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Does it matter whether you pressurize a vessel from zero to 4000 psi in 40 millisecond or 10 hours? Will that affect the response of the tank wall in terms of the tensile stress in the wall during or after full pressurization.

Given I have a scenario where I'm making a large amount of gas in a closed chamber by reacting some chemical compounds. If the reaction takes place so fast that the vessel went from zero to 4500 psi in less than 1 second, how can I calculate (or at worst estimate) the thickness of steel wall of the vessel that can take the pressure surge and still remain intact with the gas contained. If you need further details, I'll be happy to provide.

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    $\begingroup$ Possible duplicate of Rapid Pressurization of closed containment $\endgroup$ – Solar Mike Feb 19 '19 at 21:39
  • $\begingroup$ Maybe not, check the update. $\endgroup$ – TechDroid Feb 20 '19 at 15:58
  • $\begingroup$ You should provide critical informat6ion about the material for example. $\endgroup$ – Solar Mike Feb 20 '19 at 16:16
  • $\begingroup$ A 40 ms jet of fluid can apply a higher pressure to the area it hits due to its momentum. Filling at the wrong speed might excite a resonance which might cause more stress. There are many phenomena like those that can happen in extremes. You should give more data. Is it really 40 ms? Also do you care about stress or failure? Some materials fail at lower stress with higher stress rates. $\endgroup$ – user1318499 Feb 20 '19 at 20:09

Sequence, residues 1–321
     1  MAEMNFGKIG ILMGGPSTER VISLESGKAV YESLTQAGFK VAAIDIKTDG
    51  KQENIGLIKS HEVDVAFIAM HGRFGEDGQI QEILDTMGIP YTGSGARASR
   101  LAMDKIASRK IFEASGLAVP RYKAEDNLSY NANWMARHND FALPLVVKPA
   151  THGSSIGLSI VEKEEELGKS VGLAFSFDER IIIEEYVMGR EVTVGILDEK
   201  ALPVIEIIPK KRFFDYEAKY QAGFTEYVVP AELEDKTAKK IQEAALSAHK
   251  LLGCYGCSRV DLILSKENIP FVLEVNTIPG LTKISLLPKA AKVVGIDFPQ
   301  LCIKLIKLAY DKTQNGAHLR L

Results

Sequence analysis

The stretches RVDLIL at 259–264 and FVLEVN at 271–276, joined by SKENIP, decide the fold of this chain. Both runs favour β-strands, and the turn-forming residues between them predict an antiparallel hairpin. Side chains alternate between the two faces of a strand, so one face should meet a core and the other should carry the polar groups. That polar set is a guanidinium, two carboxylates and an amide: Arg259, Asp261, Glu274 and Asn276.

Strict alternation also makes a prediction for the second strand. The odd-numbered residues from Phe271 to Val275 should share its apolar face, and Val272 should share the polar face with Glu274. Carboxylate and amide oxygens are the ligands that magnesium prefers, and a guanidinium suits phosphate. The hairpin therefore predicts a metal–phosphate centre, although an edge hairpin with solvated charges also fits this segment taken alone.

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    $\begingroup$ The common answer is no. Steel's strength and stress in normal use doesn't depend on loading rate. But your case might be different because of the various ways that it can matter. $\endgroup$ – user1318499 Feb 20 '19 at 20:31
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No, a gun barrel pressurizes rapidly yet the designs ( strength and thickness ) are based on the peak pressure independent of stress rate. Impact loading is different story and requires a blow from a solid object , not pressurization with a fluid. Hundreds of years ago cannon barrels were commonly made with cast irons for which a very strong case could be made that had low impact toughness , yet on average they performed well as gun barrels. The same can said of cast steel of that era; I promise you that Bessemer steels were not impact tough because of high nitrogen , phosphorus, and relatively high carbon ( and low manganese).I looked in an old reference for impact values but found none, apparently it was not worth even trying to measure on these old irons and steels.

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  • $\begingroup$ I updated the question with some further enquiry, I hope you can help with that. $\endgroup$ – TechDroid Mar 1 '19 at 2:14
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My answer is yes it affects if material of the vessel is rate dependent.

Some ductile materials behave brittle at high strain rates.

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